How to Create a Networking Plan that Works

Would you like to get more results when you network? Here’s how to create a networking plan that works:

1. Schedule a regular time each week to network. We all get busy, even when unemployed. (Those “honey-do” lists seem to grow.) By scheduling regular time in your calendar to network, it not only gets done, but you’ll feel more confident and comfortable in networking situations, avoid the hermit syndrome, and meet people who want to help you. Know that people want to help you and see you succeed.

2. Schedule 10 minutes each day to use social media, including providing status updates, relevant links that demonstrate your thought leadership, and quick emails to those who’ve updated their statuses with wins. For example, if you read your LinkedIn updates and a friend has landed a new position, send her a brief congratulatory note.

3. Determine which offline, in-person groups you will join and how often they meet. Take an active role in the organization, such serving as the chapter ambassador. This helps you meet more people and overcome some of the jitters of being in a new group.

4. Set networking goals for yourself. For example, when attending a new group, set a goal to meet three new people. Write this goal in your calendar where you’ve scheduled the meeting.

5. Prepare and rehearse your sound bite. Networking can take place any time, any where. Be prepared.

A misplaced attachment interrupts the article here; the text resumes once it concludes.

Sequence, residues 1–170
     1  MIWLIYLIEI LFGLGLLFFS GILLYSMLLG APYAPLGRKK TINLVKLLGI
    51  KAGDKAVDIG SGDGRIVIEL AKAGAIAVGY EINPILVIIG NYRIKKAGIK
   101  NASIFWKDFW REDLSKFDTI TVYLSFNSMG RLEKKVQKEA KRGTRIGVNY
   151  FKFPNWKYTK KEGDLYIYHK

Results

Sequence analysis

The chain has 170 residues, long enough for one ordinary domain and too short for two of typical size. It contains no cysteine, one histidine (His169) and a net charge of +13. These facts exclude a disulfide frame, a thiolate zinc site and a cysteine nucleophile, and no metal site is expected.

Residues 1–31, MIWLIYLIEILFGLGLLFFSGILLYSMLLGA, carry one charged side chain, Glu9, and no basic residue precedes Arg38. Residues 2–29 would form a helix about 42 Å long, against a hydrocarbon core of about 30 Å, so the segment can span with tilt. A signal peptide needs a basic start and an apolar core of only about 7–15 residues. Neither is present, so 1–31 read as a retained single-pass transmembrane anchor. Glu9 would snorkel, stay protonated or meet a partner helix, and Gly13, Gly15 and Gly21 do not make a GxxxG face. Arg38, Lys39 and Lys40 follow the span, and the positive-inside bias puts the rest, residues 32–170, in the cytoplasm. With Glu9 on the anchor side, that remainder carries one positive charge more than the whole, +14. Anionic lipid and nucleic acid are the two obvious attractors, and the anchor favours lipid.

6. Update your network regularly with the action steps you’ve taken. If a friend referred you to a contact and you set up an informational interview, let your friend know that you made the connection and got results.

Make your job search your new full-time job. Scheduling networking activities will not only help you feel more productive, but help you land your next job much, much faster.

Want more networking tips? Check out Rock Your Network®, the book.

4 thoughts on “How to Create a Networking Plan that Works

  1. […] Know what you want. When you attend a networking event, what is it you want from the event? Contacts? Referrals? People to brainstorm ideas? One colleague joined a marketing group – to learn about writing marketing copy. Then complained when she did not land new business. New business was not the focus of the group. If you want new business, join a leads group. It’s also important to go into a group with a goal. When attending your next conference who would you most like to meet? Make a plan.  […]

  2. […] Know what you want. When you attend a networking event, what is it you want from the event? Contacts? Referrals? People to brainstorm ideas? One colleague joined a marketing group – to learn about writing marketing copy. Then complained when she did not land new business. New business was not the focus of the group. If you want new business, join a leads group. It’s also important to go into a group with a goal. When attending your next conference who would you most like to meet? Make a plan.  […]

  3. Tip: “Schedule 10 minutes each day to use social media.” is the best tip in this article. The power of social media can not be under-estimated.

    Great artcile! Keep it up. 🙂

    • Thanks for the kind words SuperCareero! 🙂 Much appreciated. I put in a time-frame because sometimes social media can get a bit overwhelming and we can while away hours using all the tools (I know I can…). Scheduling a specific time-frame helps us stay on track – and get things done.

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